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Different expert here.
Below is an excerpt from RIA Checkpoint. You may or may not be deduct the bail bond fees depending on the specifics of your situation.
¶L-2936. Deductibility of legal fees to defend business-related criminal charges.
Attorney's fees, court costs, and other legal expenses can qualify as deductible trade or business expenses or as deductible nonbusiness expenses incurred for the production of income or the management, conservation, or maintenance of income producing property, but legal expenses aren't deductible if they are capital expenditures or personal expenses of the taxpayer, see ¶ L-2900 et seq.
Legal fees incurred by an individual in defense against criminal charges arising out of his business activities are deductible, 11 even though the individual is convicted. 12
So, legal expenses and bail bond fees incurred in an unsuccessful defense against extortion charges were deductible by a taxpayer who had been a purchasing agent for a city and had taken part in a kickback scheme. The Tax Court held that he was in the trade or business of being an employee of that city. 13
The Tax Court permitted a member of an organized crime family convicted of conspiracy and mail and wire fraud to deduct legal fees. The charges related to a plan to invest in an Indian Reservation gambling operation and use it to launder funds from other illegal activities of the crime family. The criminal charges originated from his business activities as a member of the crime family. 13.1 Similarly, a taxpayer could deduct the legal expenses incurred in creating the Virginia Environmental Endowment Fund to alleviate the effects of a highly toxic chemical pesticide that taxpayer allegedly discharged into local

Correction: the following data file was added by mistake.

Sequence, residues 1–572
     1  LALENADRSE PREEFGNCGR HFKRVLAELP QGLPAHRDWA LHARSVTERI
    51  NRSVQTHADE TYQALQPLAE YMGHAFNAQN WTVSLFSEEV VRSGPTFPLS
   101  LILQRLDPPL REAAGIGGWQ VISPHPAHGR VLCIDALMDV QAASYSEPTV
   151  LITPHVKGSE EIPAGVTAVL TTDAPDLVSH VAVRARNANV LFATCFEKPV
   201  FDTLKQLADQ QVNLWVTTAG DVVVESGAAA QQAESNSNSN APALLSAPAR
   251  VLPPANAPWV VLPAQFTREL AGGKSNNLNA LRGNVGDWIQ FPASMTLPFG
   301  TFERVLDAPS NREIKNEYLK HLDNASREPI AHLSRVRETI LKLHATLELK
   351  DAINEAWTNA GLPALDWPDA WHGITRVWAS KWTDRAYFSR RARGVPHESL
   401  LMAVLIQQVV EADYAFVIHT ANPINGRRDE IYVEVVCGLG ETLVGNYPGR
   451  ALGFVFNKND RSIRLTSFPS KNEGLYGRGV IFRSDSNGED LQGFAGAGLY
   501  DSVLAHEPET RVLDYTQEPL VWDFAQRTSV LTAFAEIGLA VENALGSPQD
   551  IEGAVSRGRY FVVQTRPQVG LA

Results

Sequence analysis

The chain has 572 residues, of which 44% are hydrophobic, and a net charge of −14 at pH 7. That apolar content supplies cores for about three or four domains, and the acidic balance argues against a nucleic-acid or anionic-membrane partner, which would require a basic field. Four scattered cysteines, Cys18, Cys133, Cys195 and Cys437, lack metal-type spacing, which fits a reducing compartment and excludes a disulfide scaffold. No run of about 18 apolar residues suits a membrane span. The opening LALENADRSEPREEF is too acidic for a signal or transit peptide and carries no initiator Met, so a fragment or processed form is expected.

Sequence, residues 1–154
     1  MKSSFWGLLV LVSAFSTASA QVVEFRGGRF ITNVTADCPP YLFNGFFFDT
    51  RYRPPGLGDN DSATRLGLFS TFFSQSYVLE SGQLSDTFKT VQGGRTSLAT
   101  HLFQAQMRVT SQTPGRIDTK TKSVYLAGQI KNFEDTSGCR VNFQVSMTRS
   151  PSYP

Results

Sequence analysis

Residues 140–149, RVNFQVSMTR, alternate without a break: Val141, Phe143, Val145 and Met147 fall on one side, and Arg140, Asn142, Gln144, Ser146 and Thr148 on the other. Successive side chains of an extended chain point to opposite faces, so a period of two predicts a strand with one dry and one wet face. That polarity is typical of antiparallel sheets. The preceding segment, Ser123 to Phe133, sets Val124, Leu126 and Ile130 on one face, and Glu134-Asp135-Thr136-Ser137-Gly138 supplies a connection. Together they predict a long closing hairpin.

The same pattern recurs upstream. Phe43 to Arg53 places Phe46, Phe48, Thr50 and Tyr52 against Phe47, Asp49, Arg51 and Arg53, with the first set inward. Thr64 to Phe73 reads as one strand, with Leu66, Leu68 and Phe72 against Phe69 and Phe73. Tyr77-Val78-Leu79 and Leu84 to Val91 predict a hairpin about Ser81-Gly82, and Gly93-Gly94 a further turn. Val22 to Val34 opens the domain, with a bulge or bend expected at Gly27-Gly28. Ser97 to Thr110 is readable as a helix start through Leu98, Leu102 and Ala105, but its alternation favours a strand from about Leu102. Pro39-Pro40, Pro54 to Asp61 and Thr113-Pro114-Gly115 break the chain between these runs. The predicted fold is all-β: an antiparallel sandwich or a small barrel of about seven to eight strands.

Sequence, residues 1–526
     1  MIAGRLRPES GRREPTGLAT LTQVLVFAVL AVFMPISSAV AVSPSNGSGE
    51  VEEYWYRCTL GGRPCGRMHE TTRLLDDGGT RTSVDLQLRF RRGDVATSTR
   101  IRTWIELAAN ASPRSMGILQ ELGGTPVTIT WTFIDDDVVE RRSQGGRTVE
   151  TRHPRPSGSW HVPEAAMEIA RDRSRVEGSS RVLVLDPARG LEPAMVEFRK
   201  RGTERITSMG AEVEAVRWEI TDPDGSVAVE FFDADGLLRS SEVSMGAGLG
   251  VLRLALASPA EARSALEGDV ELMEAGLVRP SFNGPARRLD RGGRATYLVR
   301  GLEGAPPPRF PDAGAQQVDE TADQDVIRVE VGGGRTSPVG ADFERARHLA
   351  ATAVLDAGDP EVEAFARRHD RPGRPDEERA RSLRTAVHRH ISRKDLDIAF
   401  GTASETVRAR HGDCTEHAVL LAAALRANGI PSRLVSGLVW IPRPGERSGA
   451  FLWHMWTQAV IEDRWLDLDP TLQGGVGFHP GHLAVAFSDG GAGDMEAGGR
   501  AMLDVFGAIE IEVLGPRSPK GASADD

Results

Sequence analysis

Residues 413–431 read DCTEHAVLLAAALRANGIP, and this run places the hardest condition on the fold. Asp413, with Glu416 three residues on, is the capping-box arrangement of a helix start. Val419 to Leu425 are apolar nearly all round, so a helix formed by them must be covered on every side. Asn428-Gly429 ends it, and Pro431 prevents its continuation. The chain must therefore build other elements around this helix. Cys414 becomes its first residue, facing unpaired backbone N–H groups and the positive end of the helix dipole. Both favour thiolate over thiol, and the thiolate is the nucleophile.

waters. Payment to the Fund was considered, in substance, to be a criminal fine. 14
The Eighth Circuit upheld deductions of attorneys' fees incurred in an unsuccessful defense of quo warranto proceedings brought by a state against an outside corporation for intentional violation of state laws. 15
. . . Balance of paragraph omitted.
IRS Letter Ruling(NNN) NNN-NNNN IRS Letter Ruling(NNN) NNN-NNNN Citron-Byer Co, (1930) 21 BTA 308; Headley, Hal, (1938) 37 BTA 738; International Trading Co, (1958) TC Memo 1958-104, PH TCM ¶58104, 17 CCH TCM 521, affd on other issue (1960, CA7) 5 AFTR 2d 970, 275 F2d 578, 60-1 USTC ¶9335; Kaufman, Morgan S., (1949) 12 TC 1114, acq.
Com. v. Tellier, Walter F., (1966, S Ct) 17 AFTR 2d 633, 383 US 687, 16 L Ed 2d 185, 66-1 USTC ¶9319, affg on this issue(1965, CA2) 15 AFTR 2d 416, 342 F2d 690, 65-1 USTC ¶9252, revg on this issue (1963) TC Memo 1963-212, PH TCM ¶63212, 22 CCH TCM 1062.
Murphy, Bernard G., (1980) TC Memo 1980-25, PH TCM ¶80025, 39 CCH TCM 958.
Difronzo, John, (1998) TC Memo 1998-41, RIA TC Memo ¶98041, 75 CCH TCM 1693.
Allied-Signal Inc, (1992) TC Memo 1992-204, RIA TC Memo ¶92204, 63 CCH TCM 2672, affd(1995, CA3) 75 AFTR 2d 95-1287, 54 F3d 767, 95-1 USTC ¶50151.
Riss & Co Inc, (1964) TC Memo 1964-190, PH TCM ¶64190, 23 CCH TCM 1113, affd, revd & remdsub nom Com. v. Richard Riss Sr., (1967, CA8) 19 AFTR 2d 880, 374 F2d 161, 67-1 USTC ¶9292.
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